Tick-Borne Disease: Tremendously Tricky in Horses

Learn the latest on diseases horses can get from ticks and why they continue to frustrate veterinarians and researchers.
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Learn the latest on diseases horses can get from ticks and why they continue to frustrate veterinarians and researchers

If the sight of a tick makes your skin crawl—even if it’s not crawling on your skin— you’re not alone. That feeling is founded on more than a natural aversion to arachnids; diseases transmitted by ticks can pose a real health threat. With Centers for Disease Control and Prevention (CDC) maps outlining tick ranges throughout the majority of the United States, it’s important we brush up on our understanding of tick-borne diseases. In this article we’ll take a look at the three that pose the biggest risk to horses: Lyme disease, anaplasmosis, and piroplasmosis.

Lyme Disease

Horse owners living in areas of the country heavily infested with Ixodes scapularis, commonly known as blacklegged ticks (also referred to as deer ticks or bear ticks), know these parasites are more than a nuisance. In these regions contracting Lyme disease from infected ticks is entirely possible for horses and humans alike.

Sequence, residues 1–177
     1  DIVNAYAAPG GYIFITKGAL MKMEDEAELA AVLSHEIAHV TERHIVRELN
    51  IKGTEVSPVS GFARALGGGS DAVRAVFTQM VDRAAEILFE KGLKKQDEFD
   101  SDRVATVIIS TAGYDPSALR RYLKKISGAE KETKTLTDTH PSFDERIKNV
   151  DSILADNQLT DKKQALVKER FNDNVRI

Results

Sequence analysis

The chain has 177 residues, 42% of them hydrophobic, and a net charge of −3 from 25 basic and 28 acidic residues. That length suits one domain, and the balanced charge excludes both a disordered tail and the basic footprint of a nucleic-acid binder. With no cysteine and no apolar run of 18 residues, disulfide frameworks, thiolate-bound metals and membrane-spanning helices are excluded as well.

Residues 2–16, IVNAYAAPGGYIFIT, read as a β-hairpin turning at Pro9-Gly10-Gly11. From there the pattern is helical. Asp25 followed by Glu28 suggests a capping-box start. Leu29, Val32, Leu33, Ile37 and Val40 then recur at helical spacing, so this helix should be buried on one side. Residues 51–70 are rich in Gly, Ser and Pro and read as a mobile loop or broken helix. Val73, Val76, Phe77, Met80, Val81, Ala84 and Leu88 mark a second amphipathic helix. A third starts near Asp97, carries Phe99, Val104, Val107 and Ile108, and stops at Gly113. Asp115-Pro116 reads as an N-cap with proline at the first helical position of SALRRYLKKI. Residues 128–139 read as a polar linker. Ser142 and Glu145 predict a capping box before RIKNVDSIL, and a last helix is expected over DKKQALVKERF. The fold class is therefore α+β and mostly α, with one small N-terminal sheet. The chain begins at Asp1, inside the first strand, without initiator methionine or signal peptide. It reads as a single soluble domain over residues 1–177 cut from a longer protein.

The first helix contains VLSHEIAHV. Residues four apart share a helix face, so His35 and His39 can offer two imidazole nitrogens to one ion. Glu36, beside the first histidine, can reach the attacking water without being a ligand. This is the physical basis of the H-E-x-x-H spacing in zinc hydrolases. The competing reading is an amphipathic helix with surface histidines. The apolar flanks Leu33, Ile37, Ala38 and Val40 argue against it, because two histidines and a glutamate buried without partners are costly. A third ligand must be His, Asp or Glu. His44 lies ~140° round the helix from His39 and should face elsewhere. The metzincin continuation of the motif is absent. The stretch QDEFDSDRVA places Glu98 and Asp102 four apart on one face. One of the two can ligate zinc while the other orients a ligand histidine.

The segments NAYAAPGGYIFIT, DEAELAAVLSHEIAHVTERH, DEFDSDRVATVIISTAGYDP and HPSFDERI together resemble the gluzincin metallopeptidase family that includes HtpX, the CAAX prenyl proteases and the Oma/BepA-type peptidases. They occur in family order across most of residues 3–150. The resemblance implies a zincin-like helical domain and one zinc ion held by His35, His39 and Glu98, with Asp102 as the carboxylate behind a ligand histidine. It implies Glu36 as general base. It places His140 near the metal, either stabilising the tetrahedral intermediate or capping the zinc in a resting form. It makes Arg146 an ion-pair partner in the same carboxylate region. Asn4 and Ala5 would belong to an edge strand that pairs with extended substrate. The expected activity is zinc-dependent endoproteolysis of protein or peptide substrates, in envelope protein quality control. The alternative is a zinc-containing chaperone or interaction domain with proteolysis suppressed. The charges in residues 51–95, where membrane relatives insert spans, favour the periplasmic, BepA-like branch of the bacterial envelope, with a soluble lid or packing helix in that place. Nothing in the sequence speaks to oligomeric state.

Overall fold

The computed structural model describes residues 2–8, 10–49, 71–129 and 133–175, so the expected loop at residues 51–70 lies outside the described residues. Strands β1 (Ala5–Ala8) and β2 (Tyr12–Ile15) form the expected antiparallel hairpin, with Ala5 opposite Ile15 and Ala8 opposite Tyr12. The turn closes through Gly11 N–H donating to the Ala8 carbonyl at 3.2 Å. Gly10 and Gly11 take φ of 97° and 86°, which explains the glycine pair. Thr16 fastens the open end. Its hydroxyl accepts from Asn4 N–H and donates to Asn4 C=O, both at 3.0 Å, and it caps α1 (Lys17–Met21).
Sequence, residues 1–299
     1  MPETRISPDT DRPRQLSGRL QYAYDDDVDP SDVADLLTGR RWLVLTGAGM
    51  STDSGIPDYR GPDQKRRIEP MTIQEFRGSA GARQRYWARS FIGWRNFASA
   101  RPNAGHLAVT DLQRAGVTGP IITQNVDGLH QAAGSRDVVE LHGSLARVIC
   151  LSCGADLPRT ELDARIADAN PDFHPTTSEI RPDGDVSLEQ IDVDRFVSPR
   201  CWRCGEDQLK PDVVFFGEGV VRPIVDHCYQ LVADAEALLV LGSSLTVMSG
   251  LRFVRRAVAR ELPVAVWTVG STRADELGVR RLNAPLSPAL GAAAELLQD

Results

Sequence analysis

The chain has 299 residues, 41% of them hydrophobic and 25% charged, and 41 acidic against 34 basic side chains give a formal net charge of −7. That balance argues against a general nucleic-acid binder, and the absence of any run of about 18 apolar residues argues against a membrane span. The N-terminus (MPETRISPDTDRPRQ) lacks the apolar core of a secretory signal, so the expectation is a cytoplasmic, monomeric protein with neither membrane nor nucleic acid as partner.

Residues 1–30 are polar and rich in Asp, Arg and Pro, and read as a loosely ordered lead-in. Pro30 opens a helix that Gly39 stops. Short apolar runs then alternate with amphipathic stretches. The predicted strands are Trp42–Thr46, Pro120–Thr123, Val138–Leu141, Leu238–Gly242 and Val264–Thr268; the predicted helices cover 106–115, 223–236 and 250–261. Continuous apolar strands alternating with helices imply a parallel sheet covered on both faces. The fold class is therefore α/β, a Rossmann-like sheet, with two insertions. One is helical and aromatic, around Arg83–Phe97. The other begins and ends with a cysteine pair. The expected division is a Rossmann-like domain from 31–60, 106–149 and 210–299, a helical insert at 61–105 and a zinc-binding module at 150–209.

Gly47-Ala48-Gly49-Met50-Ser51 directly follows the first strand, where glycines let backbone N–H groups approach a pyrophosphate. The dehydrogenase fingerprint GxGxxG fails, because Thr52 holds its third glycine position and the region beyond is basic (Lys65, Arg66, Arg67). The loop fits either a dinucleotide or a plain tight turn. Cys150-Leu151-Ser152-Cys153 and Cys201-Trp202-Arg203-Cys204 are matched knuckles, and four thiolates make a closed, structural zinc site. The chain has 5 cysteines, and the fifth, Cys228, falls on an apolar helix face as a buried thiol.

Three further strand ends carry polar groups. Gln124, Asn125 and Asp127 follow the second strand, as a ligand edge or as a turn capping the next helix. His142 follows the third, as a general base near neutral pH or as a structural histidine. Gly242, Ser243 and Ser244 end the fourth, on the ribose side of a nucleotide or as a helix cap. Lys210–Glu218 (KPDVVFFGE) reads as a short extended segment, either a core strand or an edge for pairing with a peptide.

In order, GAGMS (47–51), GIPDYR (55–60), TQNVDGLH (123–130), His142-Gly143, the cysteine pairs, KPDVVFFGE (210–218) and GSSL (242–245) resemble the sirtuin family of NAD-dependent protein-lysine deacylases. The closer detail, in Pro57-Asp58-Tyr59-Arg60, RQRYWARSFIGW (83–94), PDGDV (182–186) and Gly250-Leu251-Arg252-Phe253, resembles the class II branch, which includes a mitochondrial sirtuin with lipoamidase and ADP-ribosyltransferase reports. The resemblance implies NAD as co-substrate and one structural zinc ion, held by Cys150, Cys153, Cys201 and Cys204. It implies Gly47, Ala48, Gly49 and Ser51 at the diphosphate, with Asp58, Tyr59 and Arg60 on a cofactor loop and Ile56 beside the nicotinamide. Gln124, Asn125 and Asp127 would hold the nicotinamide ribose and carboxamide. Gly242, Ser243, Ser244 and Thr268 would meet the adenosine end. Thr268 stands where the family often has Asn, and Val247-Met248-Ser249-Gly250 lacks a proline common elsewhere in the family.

Lyme disease is a very difficult disease to prevent, diagnose, and treat in horses, says Linda Mittel, MSPH, DVM, senior extension associate at Cornell University’s Animal Health Diagnostic Center, in Ithaca, New York. Horses contract Lyme disease when the spirochete (a type of bacterium) Borrelia burgdorferi is transmitted through the bite of an infected tick.

Diagnosis

Here’s why diagnosing Lyme disease is tricky: Not all infected horses exhibit clinical signs, and the signs themselves are often confounding, meaning they can point to any number of other diseases. Even if you know an infected tick bit your horse (You can actually test it!), signs of Lyme disease might not appear for up to six weeks after exposure. In short, nothing is straightforward with this disease. An infected tick might or might not transmit the bacteria to its host, and an infected animal might or might not exhibit signs of disease

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Freelance journalist Natalie DeFee Mendik is a multiple American Horse Publications editorial and graphics awards winner specializing in equestrian media. She holds an MA in English from Colorado State University and an International Federation of Journalists’ International press card, and is a member of the International Alliance of Equestrian Journalists. With over three decades of horse experience, Natalie’s main equine interests are dressage and vaulting. Having lived and ridden in England, Switzerland, and various parts of the United States, Natalie currently resides in Colorado with her husband and two girls.

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